Sessions over the first two days of the Dynamic Spectrum Alliance (DSA) Global Summit have highlighted the spectrum sharing lessons learned between countries worldwide and the current demand for unlicensed access. On its final day, the Global Summit explored national spectrum plans and the economic benefits of the spectrum.
On day one of the Global Summit, John M Cioffi, CEO and chairman of the board, ASSIA, announced results on the state of Wi-Fi in North America and Europe. In both regions, Wi-Fi is growing in the 5 GHz and 2.4 GHz bands. Wi-Fi already needs the 6 GHz spectrum in North America to avoid quality of experience (QoE) limitations on video for work from home, remote health care, video entertainment and to justify any fiber-to-home infrastructure investment. According to the study, North America already faces congestion issues and Europe will in 6 months. Furthermore, the report demonstrates that the next generation of applications will require very low latency, which is sensitive to spectrum “quality”.
“The implementation of unlicensed access for Wi-Fi is useful for everyone; for countries that already have broad fiber penetration as shown in ASSIA’s study, as well as for those that still lack sufficient fixed connectivity. In these, many citizens that do not have affordable solutions for broadband access at home rely on public Wi-Fi hotspots to access the internet or on the solutions provided by wireless internet service providers that mostly use unlicensed spectrum,” said Martha Suarez, president of the DSA. “ASSIA brings to the forefront the existing and future demand for spectrum which we must act upon today to enable high-quality Wi-Fi in the future.”
Chris Szymanski, director of product marketing, Broadcom also gave a demonstration on the readiness of the ecosystem for Wi-Fi 6E. Extending to the Asia Pacific region, Dr. Ir. Ismail from the Ministry of ICT Indonesia spoke about the priorities for increasing broadband access and how they are progressing spectrum sharing.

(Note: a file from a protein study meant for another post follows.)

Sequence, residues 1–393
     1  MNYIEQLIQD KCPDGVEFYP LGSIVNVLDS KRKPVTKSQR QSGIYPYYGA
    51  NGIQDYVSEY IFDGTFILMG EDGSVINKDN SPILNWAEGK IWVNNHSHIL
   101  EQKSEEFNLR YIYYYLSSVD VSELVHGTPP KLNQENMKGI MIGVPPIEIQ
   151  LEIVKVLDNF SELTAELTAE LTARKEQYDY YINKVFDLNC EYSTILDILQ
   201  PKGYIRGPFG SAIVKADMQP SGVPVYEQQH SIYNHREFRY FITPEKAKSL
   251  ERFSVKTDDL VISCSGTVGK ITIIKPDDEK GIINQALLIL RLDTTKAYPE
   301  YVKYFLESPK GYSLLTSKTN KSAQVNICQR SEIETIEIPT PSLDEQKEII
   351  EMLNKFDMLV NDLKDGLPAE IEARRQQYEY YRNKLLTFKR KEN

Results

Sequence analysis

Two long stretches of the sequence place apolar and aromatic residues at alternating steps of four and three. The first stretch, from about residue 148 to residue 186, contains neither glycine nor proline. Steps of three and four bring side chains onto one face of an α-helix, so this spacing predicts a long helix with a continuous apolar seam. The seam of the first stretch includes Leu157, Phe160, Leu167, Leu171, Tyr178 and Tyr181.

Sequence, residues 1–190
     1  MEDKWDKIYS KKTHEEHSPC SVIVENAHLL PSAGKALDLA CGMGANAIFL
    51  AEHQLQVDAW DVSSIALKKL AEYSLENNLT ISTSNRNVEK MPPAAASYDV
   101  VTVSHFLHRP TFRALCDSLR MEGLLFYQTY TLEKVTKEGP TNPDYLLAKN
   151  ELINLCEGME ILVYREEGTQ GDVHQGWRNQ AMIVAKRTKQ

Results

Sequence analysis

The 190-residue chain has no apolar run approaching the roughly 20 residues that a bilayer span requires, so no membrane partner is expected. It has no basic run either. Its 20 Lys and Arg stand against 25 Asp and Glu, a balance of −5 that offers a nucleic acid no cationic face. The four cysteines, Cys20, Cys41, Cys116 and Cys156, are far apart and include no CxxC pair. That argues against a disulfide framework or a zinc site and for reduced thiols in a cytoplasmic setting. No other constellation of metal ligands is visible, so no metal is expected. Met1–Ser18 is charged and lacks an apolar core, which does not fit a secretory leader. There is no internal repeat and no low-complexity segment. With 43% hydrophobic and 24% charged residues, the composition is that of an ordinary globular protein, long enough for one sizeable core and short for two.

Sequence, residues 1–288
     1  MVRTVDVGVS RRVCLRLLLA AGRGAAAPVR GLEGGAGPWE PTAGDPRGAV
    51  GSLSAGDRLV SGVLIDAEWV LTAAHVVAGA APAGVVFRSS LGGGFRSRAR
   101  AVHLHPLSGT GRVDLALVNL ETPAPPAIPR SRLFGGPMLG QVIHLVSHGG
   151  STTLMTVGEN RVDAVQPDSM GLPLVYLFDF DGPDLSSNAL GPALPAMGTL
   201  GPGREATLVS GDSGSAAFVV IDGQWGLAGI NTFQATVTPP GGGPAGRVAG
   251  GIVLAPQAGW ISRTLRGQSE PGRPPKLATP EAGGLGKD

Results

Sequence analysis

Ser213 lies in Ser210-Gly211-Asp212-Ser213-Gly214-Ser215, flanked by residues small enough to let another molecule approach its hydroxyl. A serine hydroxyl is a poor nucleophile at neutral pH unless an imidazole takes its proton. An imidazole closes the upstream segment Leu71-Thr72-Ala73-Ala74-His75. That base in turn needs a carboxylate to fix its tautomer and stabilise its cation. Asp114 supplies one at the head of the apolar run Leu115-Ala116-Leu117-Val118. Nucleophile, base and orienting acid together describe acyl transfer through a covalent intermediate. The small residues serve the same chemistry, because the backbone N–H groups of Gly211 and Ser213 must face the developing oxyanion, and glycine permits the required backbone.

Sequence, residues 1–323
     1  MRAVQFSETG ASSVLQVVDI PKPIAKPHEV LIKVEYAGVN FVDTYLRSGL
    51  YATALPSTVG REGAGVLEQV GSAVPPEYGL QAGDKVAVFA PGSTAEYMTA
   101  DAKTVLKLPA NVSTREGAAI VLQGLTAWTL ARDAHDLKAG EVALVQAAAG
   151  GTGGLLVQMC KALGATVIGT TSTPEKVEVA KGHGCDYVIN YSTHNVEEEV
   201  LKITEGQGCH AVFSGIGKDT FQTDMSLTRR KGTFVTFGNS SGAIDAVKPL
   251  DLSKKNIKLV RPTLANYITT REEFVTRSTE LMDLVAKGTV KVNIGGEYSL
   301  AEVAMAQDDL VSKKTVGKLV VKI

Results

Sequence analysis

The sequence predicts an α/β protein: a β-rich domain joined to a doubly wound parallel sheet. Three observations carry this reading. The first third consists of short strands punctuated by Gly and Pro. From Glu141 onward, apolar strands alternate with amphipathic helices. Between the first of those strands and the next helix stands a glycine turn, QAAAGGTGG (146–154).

Regulators from various countries have given updates as well on their implementation of spectrum sharing frameworks and priorities. Shalini Periyalwar from ISED in Canada highlighted the recent achievement of Canada’s decision to approve license-exempt use in the 6 GHz band to support the growth of Wi-Fi and IoT devices with greater access to the spectrum. The decision from ISED Canada is outstanding because it is the first country in the world that approved the three use cases in the band: very low power portable devices, low power indoor devices, and indoor and outdoor standard power devices.
Javier Juárez Mojica, Commissioner of IFT also spoke about Mexico’s progress with opening the 6 GHz band. A public consultation is currently underway regarding the technical operating conditions for unlicensed access to 1200 MHz in the band.
More support for the 6 GHz band came from Pavel Sistek, head of policy and strategy unit of the Czech Telecommunication Office who said they will support studies in Europe on license-exempt access to the upper part of the 6 GHz band.
The final sessions of the Global Summit explored the economic benefits of flexible spectrum sharing networks and gave local ISPs an opportunity to give insight into how regulators can best work with the industry to build digital economies providing broadband access to those that need it the most.